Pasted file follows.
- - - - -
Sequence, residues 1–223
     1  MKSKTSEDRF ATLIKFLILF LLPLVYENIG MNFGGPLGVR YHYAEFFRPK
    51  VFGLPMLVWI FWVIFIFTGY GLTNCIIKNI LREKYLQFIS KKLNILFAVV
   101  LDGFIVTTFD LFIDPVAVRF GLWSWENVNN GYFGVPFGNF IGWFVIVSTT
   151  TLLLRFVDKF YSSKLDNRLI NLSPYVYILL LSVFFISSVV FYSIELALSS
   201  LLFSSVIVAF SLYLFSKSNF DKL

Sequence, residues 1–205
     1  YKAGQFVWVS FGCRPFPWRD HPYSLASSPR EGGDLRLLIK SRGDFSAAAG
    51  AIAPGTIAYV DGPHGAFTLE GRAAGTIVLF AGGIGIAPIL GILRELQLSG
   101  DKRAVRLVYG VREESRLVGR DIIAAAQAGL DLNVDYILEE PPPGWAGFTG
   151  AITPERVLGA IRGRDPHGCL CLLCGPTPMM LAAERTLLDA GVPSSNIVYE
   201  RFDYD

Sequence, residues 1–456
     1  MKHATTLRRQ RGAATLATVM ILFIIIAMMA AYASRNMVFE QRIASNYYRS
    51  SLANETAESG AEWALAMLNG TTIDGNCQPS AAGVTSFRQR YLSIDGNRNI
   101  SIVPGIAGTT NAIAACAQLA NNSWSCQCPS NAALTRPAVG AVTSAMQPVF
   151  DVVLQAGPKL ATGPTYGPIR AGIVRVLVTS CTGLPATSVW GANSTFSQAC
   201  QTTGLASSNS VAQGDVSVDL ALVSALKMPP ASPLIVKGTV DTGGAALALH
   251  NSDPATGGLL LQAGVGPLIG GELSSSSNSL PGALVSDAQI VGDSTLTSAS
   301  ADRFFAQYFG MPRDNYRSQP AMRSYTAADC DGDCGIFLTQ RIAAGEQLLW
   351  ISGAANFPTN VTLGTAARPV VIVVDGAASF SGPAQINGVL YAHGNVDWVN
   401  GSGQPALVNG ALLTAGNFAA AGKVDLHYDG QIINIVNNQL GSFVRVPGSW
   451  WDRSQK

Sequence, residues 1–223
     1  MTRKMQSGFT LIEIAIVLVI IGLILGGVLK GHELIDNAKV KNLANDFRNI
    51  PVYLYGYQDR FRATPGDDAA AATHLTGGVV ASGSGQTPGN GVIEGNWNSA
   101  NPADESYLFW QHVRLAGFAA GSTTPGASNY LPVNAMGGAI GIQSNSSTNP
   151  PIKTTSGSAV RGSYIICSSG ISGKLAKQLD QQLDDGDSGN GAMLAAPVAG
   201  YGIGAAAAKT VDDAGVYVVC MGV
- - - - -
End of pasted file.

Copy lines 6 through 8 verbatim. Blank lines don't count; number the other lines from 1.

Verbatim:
   201  LLFSSVIVAF SLYLFSKSNF DKL

Sequence, residues 1–205
     1  YKAGQFVWVS FGCRPFPWRD HPYSLASSPR EGGDLRLLIK SRGDFSAAAG